China 'closing in fast,' Biden warns Congress, as he asks for trillions in spending

China 'closing in fast,' Biden warns Congress, as he asks for trillions in spending

WASHINGTON--President Joe Biden declared on Wednesday that the United States is "on the move again" 100 days after he took office, in a speech to a joint session of Congress that he used to promote a $1.8 trillion plan he said is needed to compete with China.
Biden appeared in the chamber of the U.S. House of Representatives at an event scaled back this year because of the pandemic, removing his mask to speak to a small group of Democratic and Republican lawmakers, other officials and guests arrayed before him.
Seizing on the need to rebuild after the coronavirus pandemic to advance Democratic priorities at a time of political polarization, Biden told the joint session and millions of people watching on television that "America is ready for a takeoff."
"Now, after just 100 days, I can report to the nation: America is on the move again, turning peril into possibility, crisis into opportunity, setback into strength," Biden said.
He argued that a new spending and tax-credit package, which together with an earlier infrastructure and jobs plan, totals around $4 trillion, rivalling the annual federal budget – is a once-in-a-generation investment vital to America's future.
"Tonight, I come to talk about crisis — and opportunity," he said. "About rebuilding our nation — and revitalizing our democracy. And winning the future for America."
Biden argued that the spending plans were needed to keep up with China, which his administration sees as a major strategic challenger. "China and other countries are closing in fast," he said.
He said he had spent a lot of time talking to Chinese President Xi Jinping. “He’s deadly earnest about becoming the most significant, consequential nation in the world. He and others, autocrats, think that democracy can’t compete in the 21st century with autocracies. It takes too long to get consensus," he said.
Biden is trying to thread the needle between Republicans opposed to more spending and the tax increases needed to pay for it, and liberal Democrats who believe Biden needs more aggressive plans.
The Democratic president spoke of a willingness to speak with lawmakers on both sides of the aisle to come to an agreement. He is to meet the top Democratic and Republican lawmakers at the White House on May 12 to try to find common ground.
His plan includes $1 trillion in spending on education and childcare over 10 years and $800 billion in tax credits aimed at middle- and low-income families, according to a White House fact sheet. It also includes $200 billion for free, universal preschool and $109 billion for free community college regardless of income for two years, the White House said.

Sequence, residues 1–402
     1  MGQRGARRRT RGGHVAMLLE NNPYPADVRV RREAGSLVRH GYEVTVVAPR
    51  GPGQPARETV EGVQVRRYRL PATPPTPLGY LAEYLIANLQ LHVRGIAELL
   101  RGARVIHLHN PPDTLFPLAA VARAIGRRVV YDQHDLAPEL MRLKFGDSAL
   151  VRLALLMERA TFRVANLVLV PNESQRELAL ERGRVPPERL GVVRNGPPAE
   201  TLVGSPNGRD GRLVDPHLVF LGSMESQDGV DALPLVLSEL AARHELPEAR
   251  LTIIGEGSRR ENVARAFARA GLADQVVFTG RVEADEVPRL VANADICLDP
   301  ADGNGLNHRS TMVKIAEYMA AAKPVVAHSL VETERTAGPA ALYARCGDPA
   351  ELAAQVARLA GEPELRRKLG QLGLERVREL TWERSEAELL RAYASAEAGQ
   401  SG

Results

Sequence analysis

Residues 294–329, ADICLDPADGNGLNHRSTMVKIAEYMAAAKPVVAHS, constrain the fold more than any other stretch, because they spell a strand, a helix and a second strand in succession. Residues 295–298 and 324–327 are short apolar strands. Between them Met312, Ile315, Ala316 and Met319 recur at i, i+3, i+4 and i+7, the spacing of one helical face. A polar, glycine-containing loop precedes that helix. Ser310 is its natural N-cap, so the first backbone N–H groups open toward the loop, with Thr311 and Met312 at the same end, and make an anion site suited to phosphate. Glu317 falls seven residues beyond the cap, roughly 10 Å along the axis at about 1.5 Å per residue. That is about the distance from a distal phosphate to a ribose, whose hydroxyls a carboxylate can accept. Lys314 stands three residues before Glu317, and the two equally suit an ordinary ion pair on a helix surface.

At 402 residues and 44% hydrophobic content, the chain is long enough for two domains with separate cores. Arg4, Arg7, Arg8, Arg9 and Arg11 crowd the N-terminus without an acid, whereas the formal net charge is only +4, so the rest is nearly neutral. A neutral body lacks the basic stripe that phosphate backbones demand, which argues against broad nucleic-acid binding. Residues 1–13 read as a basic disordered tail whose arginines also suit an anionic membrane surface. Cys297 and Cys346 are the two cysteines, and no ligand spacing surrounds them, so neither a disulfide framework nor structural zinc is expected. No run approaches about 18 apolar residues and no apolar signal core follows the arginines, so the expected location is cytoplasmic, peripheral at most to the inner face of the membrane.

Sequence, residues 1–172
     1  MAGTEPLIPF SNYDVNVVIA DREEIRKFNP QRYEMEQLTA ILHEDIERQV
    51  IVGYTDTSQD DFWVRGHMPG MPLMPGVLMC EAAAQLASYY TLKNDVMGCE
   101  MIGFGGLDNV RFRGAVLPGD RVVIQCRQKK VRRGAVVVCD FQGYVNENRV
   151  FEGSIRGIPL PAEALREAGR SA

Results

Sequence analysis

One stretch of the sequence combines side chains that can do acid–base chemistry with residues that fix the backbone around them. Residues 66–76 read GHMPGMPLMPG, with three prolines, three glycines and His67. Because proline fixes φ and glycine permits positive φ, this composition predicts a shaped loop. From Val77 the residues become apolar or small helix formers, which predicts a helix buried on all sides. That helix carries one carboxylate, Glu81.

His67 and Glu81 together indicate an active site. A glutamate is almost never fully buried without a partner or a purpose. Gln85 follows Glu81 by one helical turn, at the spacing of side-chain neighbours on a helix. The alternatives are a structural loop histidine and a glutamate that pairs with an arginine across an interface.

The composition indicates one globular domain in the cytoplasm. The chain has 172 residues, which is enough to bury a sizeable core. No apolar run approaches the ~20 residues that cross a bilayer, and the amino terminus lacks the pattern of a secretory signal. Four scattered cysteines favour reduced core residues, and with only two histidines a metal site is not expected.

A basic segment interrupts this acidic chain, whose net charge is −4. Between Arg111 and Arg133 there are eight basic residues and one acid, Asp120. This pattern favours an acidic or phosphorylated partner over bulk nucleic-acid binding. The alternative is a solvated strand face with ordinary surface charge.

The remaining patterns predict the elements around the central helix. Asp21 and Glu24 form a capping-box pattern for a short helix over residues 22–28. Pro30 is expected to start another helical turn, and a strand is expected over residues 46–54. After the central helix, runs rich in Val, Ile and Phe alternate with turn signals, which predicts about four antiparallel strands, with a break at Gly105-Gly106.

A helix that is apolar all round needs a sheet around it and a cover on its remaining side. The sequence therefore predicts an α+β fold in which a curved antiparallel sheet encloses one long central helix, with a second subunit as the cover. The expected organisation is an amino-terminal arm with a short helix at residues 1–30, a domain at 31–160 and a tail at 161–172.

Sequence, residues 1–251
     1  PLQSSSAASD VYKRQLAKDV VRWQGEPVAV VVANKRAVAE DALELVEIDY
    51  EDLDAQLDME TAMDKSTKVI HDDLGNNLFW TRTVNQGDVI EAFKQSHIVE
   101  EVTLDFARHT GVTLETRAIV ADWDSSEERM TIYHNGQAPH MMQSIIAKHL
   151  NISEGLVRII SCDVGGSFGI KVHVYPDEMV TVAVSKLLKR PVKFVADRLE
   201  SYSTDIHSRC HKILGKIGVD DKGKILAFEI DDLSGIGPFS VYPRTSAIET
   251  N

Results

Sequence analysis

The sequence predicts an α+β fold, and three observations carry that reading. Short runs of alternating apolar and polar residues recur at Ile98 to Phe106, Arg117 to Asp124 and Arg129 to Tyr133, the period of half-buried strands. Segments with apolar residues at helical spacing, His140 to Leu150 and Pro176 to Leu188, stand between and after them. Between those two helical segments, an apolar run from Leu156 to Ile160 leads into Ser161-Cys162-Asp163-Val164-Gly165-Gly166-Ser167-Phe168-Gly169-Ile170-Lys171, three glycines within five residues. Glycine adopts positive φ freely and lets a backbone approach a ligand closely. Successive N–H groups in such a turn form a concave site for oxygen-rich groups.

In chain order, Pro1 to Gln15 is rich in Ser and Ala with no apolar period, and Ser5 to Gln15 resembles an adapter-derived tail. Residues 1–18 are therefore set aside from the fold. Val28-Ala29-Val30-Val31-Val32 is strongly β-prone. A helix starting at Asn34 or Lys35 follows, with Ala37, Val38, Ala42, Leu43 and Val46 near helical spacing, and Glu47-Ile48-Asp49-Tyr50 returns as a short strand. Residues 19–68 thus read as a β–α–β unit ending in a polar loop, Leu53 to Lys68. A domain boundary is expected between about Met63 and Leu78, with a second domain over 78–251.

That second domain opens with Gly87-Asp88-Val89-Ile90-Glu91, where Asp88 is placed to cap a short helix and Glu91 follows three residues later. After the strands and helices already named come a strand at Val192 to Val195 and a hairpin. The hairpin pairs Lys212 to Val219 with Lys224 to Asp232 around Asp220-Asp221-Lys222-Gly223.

The American Families Plan and the infrastructure and jobs plan the White House introduced this month could represent the most significant government transformation of the economy in decades.
Biden spoke a little more than three months after protesters loyal to then-President Donald Trump stormed the U.S. Capitol, a deadly incident that shook America and led to security fencing that still remains outside the building.
To pay for the plans, Biden has proposed an overhaul of the U.S. tax system. Wednesday's "American Families Plan" is funded by raising the top marginal tax rate for the wealthiest Americans to 39.6% from its current 37%.
It nearly doubles the tax on investment income – known as capital gains – for Americans who earn more than $1 million. The $2 trillion-plus infrastructure plan is funded by an increase in corporate taxes.
News of the capital gains tax proposal caused stock markets to drop briefly last week. The Biden administration says the tax reform plan is designed to reward work, not wealth, and "reform the tax code so that the wealthy have to play by the same rules as everyone else."
Republican U.S. Senator Tim Scott was due to argue in his rebuttal to Biden's speech that the president's proposals are "socialist dreams" that will hamper long-term economic growth.
"Our best future won't come from Washington schemes or socialist dreams," said Scott, the sole Black Senate Republican. "It will come from you — the American people," Scott said in experts of his speech released ahead of delivery.
He was also to argue, according to a copy of his prepared remarks, that Biden is benefiting from an economic recovery for which Trump, a Republican, set the stage.